Reporting Issues with ccPublisher

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This page is not current and is based on an older project run by Creative Commons. Please take a look at for our current projects.

ccPublisher uses a slightly customized Roundup Issue Tracker for tracking development efforts. The tracker is available at Information that should be recorded in the tracker includes:

  • bug reports
  • feature requests
  • software engineering decisions


Keywords are used by the tracker in order to group or target issues. For example, issues that are intended to be addressed before a particular release will share a keyword, and issues relating to a particular area of functionality (i.e., i18n) are assigned a particular keyword. The following keywords are in use in the tracker. Please attempt to assign appropriate keywords to your issue upon creation.

this keyword is assigned to issues created via the crash reporter included in ccPublisher; manually created issues should never use this keyword
issues to be addressed for ccPublisher 2 Beta 2; at this point open issues with this keyword are considered massive regressions
issues to be addressed prior to the final ccPublisher 2 release; at this point open issues with the keyword are considered bugs which need to be fixed in a future 2.0.x release
issues we are planning to address in ccPublisher 2.2 which will be released before the iCommons Summit (23 June 2006)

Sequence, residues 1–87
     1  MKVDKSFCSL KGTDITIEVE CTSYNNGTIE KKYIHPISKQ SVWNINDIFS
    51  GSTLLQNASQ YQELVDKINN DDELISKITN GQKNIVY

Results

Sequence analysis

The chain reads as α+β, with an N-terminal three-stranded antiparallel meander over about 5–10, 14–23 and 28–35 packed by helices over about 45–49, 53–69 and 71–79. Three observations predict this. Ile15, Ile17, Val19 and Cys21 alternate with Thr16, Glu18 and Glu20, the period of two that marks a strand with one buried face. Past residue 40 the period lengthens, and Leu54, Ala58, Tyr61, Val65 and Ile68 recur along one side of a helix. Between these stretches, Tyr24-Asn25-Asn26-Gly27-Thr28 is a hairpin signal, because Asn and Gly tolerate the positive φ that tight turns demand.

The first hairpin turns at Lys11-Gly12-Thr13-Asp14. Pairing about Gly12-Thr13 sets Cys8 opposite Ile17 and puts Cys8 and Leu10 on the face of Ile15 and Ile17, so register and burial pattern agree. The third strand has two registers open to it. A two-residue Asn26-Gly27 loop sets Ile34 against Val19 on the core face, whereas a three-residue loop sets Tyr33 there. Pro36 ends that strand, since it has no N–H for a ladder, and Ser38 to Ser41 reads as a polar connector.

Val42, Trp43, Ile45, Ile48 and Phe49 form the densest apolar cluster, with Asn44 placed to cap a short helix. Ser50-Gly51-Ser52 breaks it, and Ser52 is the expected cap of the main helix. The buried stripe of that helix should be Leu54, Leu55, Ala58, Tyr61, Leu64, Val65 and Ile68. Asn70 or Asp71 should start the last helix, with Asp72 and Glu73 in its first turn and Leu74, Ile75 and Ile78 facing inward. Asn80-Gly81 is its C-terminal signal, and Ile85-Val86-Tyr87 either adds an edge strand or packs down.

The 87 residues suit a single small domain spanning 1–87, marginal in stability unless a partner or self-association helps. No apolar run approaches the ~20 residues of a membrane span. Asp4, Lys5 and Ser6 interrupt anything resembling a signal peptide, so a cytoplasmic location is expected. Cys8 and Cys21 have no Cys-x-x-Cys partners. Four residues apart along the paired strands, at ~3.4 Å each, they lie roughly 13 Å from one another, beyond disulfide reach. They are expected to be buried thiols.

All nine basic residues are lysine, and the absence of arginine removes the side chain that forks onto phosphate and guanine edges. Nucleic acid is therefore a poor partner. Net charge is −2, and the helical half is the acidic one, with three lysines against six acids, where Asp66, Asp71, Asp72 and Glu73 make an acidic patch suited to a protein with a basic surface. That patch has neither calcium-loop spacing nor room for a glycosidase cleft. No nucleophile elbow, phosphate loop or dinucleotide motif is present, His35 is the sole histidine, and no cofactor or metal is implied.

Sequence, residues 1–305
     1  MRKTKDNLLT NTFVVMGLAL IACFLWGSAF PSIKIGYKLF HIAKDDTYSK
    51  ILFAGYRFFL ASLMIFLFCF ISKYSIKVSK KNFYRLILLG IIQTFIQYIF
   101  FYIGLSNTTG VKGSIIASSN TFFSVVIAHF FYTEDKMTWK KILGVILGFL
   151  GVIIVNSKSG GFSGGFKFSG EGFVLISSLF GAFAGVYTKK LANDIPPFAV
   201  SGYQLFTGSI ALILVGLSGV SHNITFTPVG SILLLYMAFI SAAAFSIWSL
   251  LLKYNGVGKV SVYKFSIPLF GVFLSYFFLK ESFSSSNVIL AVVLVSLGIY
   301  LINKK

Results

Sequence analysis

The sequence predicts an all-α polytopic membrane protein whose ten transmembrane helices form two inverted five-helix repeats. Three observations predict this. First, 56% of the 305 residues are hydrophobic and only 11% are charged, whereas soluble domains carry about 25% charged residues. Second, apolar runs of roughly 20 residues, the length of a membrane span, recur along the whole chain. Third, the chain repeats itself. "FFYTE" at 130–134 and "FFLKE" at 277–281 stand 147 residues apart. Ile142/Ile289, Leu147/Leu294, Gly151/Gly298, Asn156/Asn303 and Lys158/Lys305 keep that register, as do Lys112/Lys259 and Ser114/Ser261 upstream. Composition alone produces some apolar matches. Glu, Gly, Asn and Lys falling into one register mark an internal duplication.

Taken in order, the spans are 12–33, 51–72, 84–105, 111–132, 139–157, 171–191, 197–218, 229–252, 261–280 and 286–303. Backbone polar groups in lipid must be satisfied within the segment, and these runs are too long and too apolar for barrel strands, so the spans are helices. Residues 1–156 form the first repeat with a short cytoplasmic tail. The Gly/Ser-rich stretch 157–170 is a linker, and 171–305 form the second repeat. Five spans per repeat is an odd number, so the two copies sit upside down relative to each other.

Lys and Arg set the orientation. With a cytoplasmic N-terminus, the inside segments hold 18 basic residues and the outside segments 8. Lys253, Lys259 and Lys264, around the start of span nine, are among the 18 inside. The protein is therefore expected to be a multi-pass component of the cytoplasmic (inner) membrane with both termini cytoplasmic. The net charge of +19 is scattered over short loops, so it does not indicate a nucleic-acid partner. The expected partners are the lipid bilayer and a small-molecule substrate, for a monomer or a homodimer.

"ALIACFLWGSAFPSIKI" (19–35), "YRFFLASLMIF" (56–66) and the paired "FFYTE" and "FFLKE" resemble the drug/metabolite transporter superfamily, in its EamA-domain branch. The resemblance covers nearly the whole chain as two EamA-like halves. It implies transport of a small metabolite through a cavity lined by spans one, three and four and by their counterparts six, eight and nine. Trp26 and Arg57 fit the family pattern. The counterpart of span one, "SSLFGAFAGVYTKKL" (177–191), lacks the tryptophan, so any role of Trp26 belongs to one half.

issues we are planning to address in ccPublisher 2.4 (November 2006)
issues pertaining to internationalization (which in itself is targeted for 2.2)

Commenting on Bugs

The Tracker works best when users and developers provide comments and feedback on specific issues. When writing comments there are some guidelines which help us fix bugs and implement features:

  • Be specific If you can record the exact steps to reproduce a crash, it greatly simplifies tracking down the problem.
  • Be explicit When marking an issue resolved, you should explicitly record when it was resolved (i.e. which Subversion revision). However, it is still better to record the revision and provide a summary of what the fix actually was. This is useful if the fix introduces a regression or if a similar bug is reported in the future.